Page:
I recently had a surprisingly pleasant travel experience that I simply must share with you.
On departure day, I made my way to the point of embarkation, not by way of a long, expensive, traffic-jam-bedeviled taxi or shuttle or ride-share, but via a ten-block walk along a crowded, but enjoyably animated, city street that included a rather large, energetic, contingent of blazer-and-tie-bedecked young men heading in the opposite direction, lending color and enthusiasm to the experience.
I entered a pleasant but unassuming structure that might have passed for a library, and proceeded, by way of an escalator, to a subterranean level where, with a short walk and an even shorter wait, I was able to engage a polite, businesslike, gentleman for the purchase of a ticket to my destination.
I then proceeded to a point where other travelers had gathered, waiting to be apprised of the precise point of departure for their particular itinerary. There was, among the travelers, an element of anticipation as they waited for the announcement, upon which those to whom it pertained headed, with appropriate dispatch, to the designated point.
I waited patiently — but no more so than my fellow travelers — for the announcement which should apply to my intended destination. When the moment arrived, we proceeded at a brisk pace to our transport.
As we approached the first point of entry thereto, I was tempted to join those streaming in, but was, fortunately, able to avail myself of the counsel of my two fellow-travelers who called upon their extensive experience in precisely this situation. (I apologize for my tardy introduction, but feel that their intervention here, at this crucial point — as if dei-ex-machina — heightens the air of adventure).
They counseled that a more distant point of entry to our conveyance should provide us equally acceptable, less crowded, accommodation.
They were correct. We were able to find comfortable seating in nearly-empty quarters, as we awaited what turned out to be an impressively on-time departure.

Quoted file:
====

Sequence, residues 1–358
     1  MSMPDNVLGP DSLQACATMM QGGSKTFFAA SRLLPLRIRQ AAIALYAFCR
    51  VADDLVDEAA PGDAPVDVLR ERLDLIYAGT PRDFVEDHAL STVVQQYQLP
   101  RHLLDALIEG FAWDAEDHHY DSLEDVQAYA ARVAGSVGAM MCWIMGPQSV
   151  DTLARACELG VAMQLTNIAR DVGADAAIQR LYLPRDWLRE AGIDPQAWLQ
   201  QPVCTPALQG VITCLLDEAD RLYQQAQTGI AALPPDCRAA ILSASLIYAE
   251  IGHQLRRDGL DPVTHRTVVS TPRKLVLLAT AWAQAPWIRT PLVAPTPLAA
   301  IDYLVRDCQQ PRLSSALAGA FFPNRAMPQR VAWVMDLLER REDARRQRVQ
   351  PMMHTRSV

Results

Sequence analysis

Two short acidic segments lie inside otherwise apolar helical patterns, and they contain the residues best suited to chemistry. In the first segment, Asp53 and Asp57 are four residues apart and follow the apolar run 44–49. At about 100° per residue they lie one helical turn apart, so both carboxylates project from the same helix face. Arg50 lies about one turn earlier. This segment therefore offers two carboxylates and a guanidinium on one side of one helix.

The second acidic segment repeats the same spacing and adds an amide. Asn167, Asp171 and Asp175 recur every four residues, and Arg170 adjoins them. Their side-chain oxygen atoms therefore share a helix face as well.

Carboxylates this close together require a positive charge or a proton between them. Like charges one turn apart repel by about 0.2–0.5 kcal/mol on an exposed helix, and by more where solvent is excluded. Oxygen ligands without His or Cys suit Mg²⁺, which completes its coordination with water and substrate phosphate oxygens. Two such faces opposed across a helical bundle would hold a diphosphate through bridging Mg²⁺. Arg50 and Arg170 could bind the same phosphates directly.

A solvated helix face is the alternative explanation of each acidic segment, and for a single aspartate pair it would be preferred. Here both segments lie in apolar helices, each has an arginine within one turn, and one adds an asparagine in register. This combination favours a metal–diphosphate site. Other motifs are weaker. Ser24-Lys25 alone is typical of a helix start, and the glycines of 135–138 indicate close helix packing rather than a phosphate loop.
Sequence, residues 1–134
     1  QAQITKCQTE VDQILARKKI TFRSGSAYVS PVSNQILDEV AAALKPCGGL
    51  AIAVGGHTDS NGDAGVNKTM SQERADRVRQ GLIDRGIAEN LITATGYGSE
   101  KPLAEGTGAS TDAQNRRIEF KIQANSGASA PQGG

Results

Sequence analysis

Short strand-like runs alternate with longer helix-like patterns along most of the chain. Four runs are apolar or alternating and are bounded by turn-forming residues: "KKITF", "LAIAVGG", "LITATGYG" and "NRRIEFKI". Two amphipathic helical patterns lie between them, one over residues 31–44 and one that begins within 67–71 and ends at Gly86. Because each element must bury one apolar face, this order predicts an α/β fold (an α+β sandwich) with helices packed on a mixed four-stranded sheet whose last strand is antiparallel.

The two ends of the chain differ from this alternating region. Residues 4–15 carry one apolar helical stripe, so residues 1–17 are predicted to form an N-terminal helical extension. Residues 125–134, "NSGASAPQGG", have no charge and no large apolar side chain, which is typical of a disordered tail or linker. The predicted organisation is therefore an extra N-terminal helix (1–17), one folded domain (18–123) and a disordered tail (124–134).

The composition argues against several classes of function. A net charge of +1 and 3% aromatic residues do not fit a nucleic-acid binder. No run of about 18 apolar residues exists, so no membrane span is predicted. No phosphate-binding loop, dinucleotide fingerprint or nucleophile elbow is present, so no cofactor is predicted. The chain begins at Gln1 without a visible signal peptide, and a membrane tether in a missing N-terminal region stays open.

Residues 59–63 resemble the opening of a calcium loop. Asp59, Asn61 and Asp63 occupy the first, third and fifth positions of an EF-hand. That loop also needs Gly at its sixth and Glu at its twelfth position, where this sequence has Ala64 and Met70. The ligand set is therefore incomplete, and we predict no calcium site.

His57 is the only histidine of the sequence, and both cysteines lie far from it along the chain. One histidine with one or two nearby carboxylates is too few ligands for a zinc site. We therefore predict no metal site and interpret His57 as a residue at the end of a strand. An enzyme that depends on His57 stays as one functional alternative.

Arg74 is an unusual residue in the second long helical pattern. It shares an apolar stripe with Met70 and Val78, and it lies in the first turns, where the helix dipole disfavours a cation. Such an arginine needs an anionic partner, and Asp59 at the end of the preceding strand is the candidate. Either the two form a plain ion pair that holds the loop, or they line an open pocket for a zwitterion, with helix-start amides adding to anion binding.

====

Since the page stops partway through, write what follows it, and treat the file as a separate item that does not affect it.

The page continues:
At this point, I briefly disengaged myself from my friends to review, not what had happened (for that was pleasantly unadventurous), but what had not happened:
Not needing a boarding pass, I had not fretted over the likelihood that it would not show up on my cellphone upon demand, with fifteen fellow-travelers waiting impatiently behind me;
Not needing to prove that I was who I claimed to be, I had not dropped or inadvertently left behind my driver’s license;
Not having to segregate my gels and liquids from all other objects, I had blithely allowed them to consort with my other toiletries in an old plastic bag whose non-transparency was, thankfully, of no importance. In addition, I had not needed to worry whether my dried-up plug of toothpaste might or might not be classified as a gel, or whether the knitting needle fragment with which I extract it from the tube might or might not be construed as a weapon;
Not having to take off my shoes, I had not worn loafers or sandals, which, without arch-supports, would have left me in considerable pain;
Not having to empty my water bottle, I did not forget to refill it and thus did not risk dehydration.
With these consolations, plus a delightful, relatively quiet chance to talk with my friends and enjoy the passing scenery — and, I should add, the opportunity to keep myself hydrated without the fear that bad weather, and its accompanying Fasten Seat Belt order, might restrict me to a spine-achingly narrow seat, with a growing urinary urgency that could have posed me the dilemma of public embarrassment or flagrant violation of the extant safety protocol — it was, altogether, a delightful, novel, civilized travel experience.
I would recommend it to anyone.
Oh yes, lest I forget, it is called a train.